One possibility to ensure your dog will not “escape” is to keep him tethered to you (leash attached to something in the room you are in, or to you or a designated person) while you are going about your hosting responsibilities. Or, an x-pen works well in a specific room, or a kennel so your dog is still able to view the activities but is safely confined. Be sure to communicate to all guests your concerns for your dog’s safety if he should get outside through an open door, but remember it’s your responsibility to keep your dog safe. Nonetheless, even if you have taken the precaution of advising everyone of your concerns, more than likely someone may forget, and I would rather have you err on the side of caution by using these management techniques. After all, once the bell is rung, you can’t unring it. If your dog escapes, he can easily become lost or worse.

The holidays are surely a time for rejoicing and celebration, but there’s no question that they pose additional stress for everyone including your beloved dog. Don’t run the risk of allowing the holidays to become anything less than merry and bright. To ensure that they are as cozy as the fire you toast your toes by, as spirited as the eggnog you cheer your friends with, as warm as the embrace of your loved ones, give the thought and take the necessary steps now so that everyone, including your best pal, can have a Zenfully jolly holiday!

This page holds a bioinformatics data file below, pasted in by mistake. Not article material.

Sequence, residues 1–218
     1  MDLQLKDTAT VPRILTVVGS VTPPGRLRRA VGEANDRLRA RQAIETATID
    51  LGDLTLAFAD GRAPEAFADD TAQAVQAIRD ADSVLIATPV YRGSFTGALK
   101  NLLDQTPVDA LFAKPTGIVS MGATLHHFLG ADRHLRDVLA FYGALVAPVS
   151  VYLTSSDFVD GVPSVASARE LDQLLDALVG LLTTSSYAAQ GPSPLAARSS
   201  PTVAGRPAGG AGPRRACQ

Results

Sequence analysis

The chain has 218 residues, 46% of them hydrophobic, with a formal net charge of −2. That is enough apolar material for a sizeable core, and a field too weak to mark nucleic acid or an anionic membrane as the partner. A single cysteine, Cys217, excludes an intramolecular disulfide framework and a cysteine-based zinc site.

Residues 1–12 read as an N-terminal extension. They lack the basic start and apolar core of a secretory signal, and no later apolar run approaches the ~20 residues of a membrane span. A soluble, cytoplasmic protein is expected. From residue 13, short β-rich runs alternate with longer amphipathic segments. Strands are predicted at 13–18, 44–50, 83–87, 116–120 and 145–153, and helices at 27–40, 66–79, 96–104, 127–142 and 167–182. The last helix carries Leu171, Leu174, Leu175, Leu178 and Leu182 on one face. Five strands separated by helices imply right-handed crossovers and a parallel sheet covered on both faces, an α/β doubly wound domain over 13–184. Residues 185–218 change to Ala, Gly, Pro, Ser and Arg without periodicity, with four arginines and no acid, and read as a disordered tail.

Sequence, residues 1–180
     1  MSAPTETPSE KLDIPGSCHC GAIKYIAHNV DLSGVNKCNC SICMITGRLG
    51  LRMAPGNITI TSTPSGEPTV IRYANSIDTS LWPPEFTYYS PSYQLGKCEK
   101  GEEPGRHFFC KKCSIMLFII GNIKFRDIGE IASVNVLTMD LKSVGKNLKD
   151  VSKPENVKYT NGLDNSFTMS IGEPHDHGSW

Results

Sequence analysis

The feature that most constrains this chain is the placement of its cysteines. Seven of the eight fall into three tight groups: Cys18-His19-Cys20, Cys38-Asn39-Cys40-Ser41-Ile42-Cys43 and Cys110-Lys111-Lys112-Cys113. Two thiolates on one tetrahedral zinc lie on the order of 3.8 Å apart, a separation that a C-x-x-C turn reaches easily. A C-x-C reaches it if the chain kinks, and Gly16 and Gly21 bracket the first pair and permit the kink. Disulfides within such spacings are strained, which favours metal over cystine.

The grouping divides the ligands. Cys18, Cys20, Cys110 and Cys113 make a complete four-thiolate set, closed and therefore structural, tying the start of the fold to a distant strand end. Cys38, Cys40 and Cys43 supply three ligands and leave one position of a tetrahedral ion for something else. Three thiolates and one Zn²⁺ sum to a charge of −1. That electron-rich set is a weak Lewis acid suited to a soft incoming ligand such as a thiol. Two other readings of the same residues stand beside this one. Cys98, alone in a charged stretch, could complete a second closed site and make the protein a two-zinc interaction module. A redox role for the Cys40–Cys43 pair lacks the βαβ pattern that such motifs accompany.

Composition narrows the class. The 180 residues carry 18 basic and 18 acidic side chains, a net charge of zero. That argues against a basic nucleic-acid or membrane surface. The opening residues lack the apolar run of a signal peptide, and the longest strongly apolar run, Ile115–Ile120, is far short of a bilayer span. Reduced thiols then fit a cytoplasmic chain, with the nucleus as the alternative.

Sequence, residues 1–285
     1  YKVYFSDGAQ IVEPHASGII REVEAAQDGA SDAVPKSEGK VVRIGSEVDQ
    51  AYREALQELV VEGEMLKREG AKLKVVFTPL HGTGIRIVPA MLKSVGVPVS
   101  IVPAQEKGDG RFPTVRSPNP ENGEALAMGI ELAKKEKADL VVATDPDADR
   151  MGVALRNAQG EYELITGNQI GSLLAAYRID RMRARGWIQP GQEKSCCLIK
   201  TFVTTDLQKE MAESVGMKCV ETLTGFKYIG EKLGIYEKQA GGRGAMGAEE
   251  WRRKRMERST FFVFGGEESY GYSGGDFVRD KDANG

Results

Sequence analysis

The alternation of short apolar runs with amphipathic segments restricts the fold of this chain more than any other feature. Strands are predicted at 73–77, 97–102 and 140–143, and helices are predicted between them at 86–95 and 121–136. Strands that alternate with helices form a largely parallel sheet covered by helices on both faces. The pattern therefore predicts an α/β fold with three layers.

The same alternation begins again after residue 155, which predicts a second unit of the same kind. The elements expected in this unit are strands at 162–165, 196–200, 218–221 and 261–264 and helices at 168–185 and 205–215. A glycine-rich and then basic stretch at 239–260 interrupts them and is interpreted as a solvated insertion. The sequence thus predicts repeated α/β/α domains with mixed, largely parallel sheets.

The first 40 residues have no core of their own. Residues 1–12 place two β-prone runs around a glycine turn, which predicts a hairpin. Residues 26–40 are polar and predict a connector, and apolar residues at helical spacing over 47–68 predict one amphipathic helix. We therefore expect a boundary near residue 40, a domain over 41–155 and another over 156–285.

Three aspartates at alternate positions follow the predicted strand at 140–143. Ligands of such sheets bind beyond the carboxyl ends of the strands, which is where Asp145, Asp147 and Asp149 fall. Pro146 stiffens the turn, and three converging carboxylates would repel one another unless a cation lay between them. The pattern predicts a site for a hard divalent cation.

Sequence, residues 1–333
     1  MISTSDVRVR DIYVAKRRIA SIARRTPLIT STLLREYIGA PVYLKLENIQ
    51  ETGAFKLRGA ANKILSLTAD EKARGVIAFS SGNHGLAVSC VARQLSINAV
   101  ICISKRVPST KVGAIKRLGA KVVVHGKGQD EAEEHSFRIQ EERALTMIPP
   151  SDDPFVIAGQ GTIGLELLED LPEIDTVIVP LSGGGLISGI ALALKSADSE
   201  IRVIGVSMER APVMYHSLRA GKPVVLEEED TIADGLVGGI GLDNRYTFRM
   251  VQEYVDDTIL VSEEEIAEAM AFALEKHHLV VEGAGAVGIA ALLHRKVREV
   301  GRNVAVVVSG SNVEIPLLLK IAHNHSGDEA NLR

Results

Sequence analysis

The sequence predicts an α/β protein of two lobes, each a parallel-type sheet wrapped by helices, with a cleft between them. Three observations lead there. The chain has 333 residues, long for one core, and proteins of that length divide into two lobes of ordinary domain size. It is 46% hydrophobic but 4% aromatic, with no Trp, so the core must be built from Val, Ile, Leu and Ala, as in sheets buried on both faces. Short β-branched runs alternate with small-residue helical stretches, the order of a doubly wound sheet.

Blog by Michelle Huntting

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Train and Save; Prevent Bolting

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One of the preeminent responsibilities of any pet owner is to provide for the safety of the pet. So much of what owners and trainers do is to ensure that the pets in their charge are safe and well cared for. Owners vaccinate, feed a proper diet, make sure their pets get adequate exercise, give them lots of love and attention, and so much more. Trainers dutifully work to make the lives of both the owner and the pet easier and more in sync with one another.

One of the most important and challenging safety precautions for dog owners is how to prevent their dogs from bolting from an open car door when the dog is along for the ride and the owner makes a stop at the store or bank, for example. It doesn’t take more than once for a pet owner to realize the horror of a dog running around a parking lot or out into the street.